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(Reuters) — Vast troves of consumer data collected by big technology companies allow them to gain a competitive edge and pose a threat to competition, the Federal Trade Commission’s Rohit Chopra said on Friday.
Personal data is powering the dominance of tech companies that offer basic services for free, which are ultimately “not really free,” Mr. Chopra, a Democrat, told the House of Representatives Judiciary’s antitrust subcommittee during a hearing.
He also said small fines and financial penalties will not be enough to address concerns about the power of big tech firms, adding that regulators will need to take a closer look at that.
For example, earlier this year the FTC fined Facebook Inc. $5 billion over online privacy. Mr. Chopra voted against that decision.
There are several probes at the federal, state and congressional level aimed at determining if big technology companies — Alphabet Inc.-owned Google, Facebook, Amazon.com Inc. and Apple Inc. — use their considerable clout in the online market illegally to hurt rivals or otherwise break competition law.
Once lauded as engines of economic growth, these companies have increasingly been on the defensive over their outsized market influence. Politicians including President Donald Trump, consumers, other firms and regulators have criticized that power.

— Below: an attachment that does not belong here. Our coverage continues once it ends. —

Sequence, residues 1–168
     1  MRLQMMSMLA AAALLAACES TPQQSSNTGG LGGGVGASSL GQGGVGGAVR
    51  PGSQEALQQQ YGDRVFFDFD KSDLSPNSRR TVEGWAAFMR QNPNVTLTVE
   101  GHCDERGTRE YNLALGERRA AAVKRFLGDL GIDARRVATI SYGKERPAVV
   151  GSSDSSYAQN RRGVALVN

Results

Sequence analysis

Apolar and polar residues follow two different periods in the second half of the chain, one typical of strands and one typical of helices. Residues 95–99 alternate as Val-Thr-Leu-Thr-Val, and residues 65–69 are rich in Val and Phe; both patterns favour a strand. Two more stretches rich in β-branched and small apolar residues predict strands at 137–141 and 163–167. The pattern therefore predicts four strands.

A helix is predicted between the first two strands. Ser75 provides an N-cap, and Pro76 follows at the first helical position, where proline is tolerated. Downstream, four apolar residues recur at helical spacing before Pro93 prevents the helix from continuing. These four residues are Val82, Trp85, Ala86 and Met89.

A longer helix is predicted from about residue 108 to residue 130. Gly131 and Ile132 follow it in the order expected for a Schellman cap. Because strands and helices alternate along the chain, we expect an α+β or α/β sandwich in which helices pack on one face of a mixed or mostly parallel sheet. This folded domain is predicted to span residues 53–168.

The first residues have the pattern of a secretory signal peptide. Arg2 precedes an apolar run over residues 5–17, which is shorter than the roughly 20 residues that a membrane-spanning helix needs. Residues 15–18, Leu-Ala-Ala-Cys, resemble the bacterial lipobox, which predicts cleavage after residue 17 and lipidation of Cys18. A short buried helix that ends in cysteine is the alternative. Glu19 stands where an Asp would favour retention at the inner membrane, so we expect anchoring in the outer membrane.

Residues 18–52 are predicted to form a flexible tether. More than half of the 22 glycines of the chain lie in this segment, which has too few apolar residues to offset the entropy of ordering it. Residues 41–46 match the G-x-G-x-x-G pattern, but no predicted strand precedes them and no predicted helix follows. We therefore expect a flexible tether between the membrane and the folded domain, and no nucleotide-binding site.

Earlier this week, the leaders of the House Judiciary Committee said that they had begun receiving data from these companies as part of their probe into the companies’ potential breaches of antitrust law.
Democrat David Cicilline, who chairs the antitrust subcommittee, said on Friday the committee has received “tens of thousands of documents” and is expecting more.
Mark Wilson, chief executive of U.K.-based Aviva P.L.C., said that the insurer is considering acquisitions in artificial intelligence and big data as it looks to overhaul the insurance industry and transform itself into a fintech firm, Eastern Daily Press reported. The insurer is spending £100 million ($128.4 million) annually on digital development to ensure the business remains a step ahead of its rivals, Mr. Wilson said. Aviva is focused on buying start-up firms to plug skills gaps within the business, he added.